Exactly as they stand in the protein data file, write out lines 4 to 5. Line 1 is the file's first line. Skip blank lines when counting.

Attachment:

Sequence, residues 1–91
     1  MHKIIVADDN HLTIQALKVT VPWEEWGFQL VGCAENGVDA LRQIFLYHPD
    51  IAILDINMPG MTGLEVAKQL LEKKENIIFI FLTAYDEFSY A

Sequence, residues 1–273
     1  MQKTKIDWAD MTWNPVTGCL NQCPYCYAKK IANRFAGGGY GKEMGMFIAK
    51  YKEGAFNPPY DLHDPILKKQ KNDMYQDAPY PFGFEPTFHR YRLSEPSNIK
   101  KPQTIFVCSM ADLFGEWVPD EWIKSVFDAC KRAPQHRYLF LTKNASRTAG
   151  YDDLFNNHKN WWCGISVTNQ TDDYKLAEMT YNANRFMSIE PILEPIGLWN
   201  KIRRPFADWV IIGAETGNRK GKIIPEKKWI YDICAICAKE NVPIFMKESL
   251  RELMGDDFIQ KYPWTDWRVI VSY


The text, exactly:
Sequence, residues 1–273
     1  MQKTKIDWAD MTWNPVTGCL NQCPYCYAKK IANRFAGGGY GKEMGMFIAK